If our minds are so preoccupied they can’t see that each of us is but one point of light in a coruscating multitude, then we are not fully conscious, and our categorizations are apt to be wildly inaccurate because our outreach and intelligence are seriously flawed. Acting as if our judgment were infallible, we head straight for the nearest cliff. Actions we accept on faith to be true and just will surely turn out to be false, unfair, and cruel. To others as well as ourselves and our heirs. Leaving us stunned with massive internal injuries. What we need is largeness of mind from the start, not as a sorry afterthought. The way to achieve that is to resist mapping our personal meanings onto others without consulting them first; just because we can paint them as we see them doesn’t mean a casual sketch is as good as a studied rendition. Our well-intentioned categorizations represent things only as we view them at the time, not as they are. As a rule of thumb, it is safe to assume we haven’t a clue about most things most of the time, and that we know not whereof we rave and rant.

It is better if we do not insist on pushing our agenda to its foregone conclusion. That is, instead of committing to a plan of action, if we back off after our first move and wait to see what will happen. Embarking on a looping engagement with those around us, we remain open to an easy give-and-take with the situation as it develops. We are wise to see what happens before acting again. Consciousness can come to a decision in a fraction of a second, but reacting at that rate, we base the future largely on assumptions we can’t rightly make at that speed. Even after a day or a month, we can’t know very much about conducting ourselves in the world. It takes decades to develop a sense of who we are and what we’re doing—I’d say fifty years at a minimum. Until then, we have only a weak sense of what we don’t know we don’t know. If you are impulsive and can’t wait, then plunge ahead; I promise you’ll learn something new—or will if you keep an open mind.

As it is, Republicans in Congress don’t seem very keen on new learning at this stage of their development. They’re right up there with the hierarchy of the Roman Catholic Church, which hasn’t learned much in 2,000 years of rigid, top-down, authoritarian, paternalistic organization. Nor have AIPAC and the NRA much to show for all the stands they’ve taken because, like Alois Ratzinger (a.k.a. Benedict XVI), they claim infallibility in being so headstrong they can’t learn anything they don’t already know. These are not people you can trust to usher in the future of the world because they are so busily defending their corporate points of view.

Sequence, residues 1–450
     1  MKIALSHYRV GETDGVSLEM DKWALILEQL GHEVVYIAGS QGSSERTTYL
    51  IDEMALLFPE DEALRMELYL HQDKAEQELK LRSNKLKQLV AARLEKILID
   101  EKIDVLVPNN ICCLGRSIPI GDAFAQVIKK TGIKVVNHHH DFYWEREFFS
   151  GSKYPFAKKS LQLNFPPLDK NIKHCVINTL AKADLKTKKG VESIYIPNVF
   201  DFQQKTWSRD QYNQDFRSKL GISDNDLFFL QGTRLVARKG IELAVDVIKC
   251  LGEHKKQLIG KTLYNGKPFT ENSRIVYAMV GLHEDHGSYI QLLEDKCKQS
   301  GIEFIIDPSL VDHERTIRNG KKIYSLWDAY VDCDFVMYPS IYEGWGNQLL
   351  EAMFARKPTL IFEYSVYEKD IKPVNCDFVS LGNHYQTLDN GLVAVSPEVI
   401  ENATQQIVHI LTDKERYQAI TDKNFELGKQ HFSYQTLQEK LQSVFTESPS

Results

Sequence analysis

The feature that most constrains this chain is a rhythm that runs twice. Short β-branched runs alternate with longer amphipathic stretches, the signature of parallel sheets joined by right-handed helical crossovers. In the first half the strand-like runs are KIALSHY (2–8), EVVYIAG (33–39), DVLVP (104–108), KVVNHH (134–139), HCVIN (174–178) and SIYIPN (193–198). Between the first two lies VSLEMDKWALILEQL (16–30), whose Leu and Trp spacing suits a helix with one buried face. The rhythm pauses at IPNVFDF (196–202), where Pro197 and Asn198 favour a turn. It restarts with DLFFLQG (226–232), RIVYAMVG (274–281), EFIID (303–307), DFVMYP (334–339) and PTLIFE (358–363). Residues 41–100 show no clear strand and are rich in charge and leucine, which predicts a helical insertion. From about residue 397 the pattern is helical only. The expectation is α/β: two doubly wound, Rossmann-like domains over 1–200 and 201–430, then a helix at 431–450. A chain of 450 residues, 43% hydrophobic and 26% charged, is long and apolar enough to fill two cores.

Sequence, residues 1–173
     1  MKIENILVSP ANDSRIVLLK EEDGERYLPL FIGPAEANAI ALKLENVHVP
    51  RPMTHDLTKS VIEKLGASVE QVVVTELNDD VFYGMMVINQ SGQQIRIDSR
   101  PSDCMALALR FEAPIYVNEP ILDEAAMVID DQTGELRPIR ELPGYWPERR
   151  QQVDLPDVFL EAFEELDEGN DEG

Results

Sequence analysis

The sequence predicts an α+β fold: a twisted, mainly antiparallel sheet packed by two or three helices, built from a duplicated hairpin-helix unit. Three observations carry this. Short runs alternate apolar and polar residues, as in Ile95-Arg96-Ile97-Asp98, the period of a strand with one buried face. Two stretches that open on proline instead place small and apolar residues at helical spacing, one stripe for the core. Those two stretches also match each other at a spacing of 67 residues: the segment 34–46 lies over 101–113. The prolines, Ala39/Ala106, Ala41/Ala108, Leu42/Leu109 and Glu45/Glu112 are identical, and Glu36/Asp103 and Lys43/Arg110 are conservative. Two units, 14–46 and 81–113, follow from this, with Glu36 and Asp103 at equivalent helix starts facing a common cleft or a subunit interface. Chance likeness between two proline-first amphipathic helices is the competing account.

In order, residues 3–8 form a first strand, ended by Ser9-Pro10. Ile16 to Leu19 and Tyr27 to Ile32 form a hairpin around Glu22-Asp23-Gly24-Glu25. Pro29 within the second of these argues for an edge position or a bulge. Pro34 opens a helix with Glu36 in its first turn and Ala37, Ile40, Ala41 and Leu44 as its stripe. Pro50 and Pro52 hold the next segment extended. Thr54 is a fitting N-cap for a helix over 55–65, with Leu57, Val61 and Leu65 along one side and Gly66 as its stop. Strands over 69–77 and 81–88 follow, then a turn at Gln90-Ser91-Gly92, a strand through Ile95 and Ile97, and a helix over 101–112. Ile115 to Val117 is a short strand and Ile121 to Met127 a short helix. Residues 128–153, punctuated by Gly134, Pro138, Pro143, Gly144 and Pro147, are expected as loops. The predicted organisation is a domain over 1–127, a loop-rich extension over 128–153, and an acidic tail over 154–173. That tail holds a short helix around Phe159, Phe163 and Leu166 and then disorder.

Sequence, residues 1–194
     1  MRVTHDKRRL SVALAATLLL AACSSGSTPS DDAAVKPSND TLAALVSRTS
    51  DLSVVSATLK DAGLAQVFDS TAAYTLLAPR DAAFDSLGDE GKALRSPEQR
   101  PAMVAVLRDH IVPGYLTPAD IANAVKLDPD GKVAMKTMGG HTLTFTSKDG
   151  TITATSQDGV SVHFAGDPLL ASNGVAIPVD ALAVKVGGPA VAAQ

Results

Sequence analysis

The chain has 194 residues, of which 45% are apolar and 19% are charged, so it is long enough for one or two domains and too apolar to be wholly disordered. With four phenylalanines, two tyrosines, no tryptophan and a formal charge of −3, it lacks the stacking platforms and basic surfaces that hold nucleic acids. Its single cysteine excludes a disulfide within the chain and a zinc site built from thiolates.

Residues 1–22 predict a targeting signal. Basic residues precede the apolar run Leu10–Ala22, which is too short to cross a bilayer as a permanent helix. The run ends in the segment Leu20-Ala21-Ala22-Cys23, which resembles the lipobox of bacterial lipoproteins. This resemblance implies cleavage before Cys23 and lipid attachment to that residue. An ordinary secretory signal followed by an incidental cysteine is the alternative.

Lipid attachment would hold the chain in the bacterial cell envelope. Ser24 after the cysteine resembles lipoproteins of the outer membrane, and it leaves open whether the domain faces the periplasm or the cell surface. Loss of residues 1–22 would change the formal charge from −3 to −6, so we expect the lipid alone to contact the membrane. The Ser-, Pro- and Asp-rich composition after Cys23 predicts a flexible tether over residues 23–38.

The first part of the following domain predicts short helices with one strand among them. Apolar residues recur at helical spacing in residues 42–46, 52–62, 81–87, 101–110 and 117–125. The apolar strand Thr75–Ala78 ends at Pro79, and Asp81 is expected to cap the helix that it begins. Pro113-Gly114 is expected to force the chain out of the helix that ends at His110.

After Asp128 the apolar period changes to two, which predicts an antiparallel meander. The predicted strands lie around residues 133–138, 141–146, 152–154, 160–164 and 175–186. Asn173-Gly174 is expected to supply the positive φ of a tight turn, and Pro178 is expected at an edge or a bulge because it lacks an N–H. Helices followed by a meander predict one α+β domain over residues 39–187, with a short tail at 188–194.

“Catholic” means including or concerning all humankind (AHD). Which would seem to require broad sensitivity to grassroots affairs, not a heavy-handed, authoritarian approach radiating top-down from an infallible apex of one man. But once an idea germinates in human consciousness and becomes institutionalized, then it ceases to develop and ossifies as if, like commandments, it is written in stone. The same fate hardens interpretations of constitutional amendments, homelands depicted in ancient scripture, platforms of political parties, colonial attitudes toward native peoples. Like ants in amber, ideas get embedded into agendas and serve as mission statements chartered by law.

I have repeatedly emphasized in this blog that consciousness is a property of individual persons, not corporate bodies. When regarded as if groupthink were the equivalent of personal consciousness, then the weight of collective thought becomes extremely dangerous, as in the case of each of the examples I have provided in this post. When multitudes behave as if of one mind, then mob rule is inevitable. With disastrous results.

Better, we place our trust in individuals who plant flower gardens, go dancing, thrive in the presence of art, music, and poetry. And look to hikers, farmers, sailors, birdwatchers, and athletes of all sorts who move their bodies in joy, not just to win. These people are into the wonder of sensory relationships, not concepts, not what they already know. They are all on the forefront of their lives, doing their best to appreciate and respond to the sensory patterns that dance in their minds. They are likely to have a more accurate take on reality than those who force meanings upon it, who live in worlds where knowing is more important than simply being who they are. If orthodox knowledge is power, stand clear of it. Follow new patterns wherever they lead; patterns are sure signs of life. Concepts are yesterday; percepts are right now.

If you must categorize, take your time. When you don’t, you might find yourself playing the role of a particle collider that creates a vacuum to ensure unstoppable forces coming from opposite directions meet head-to-head.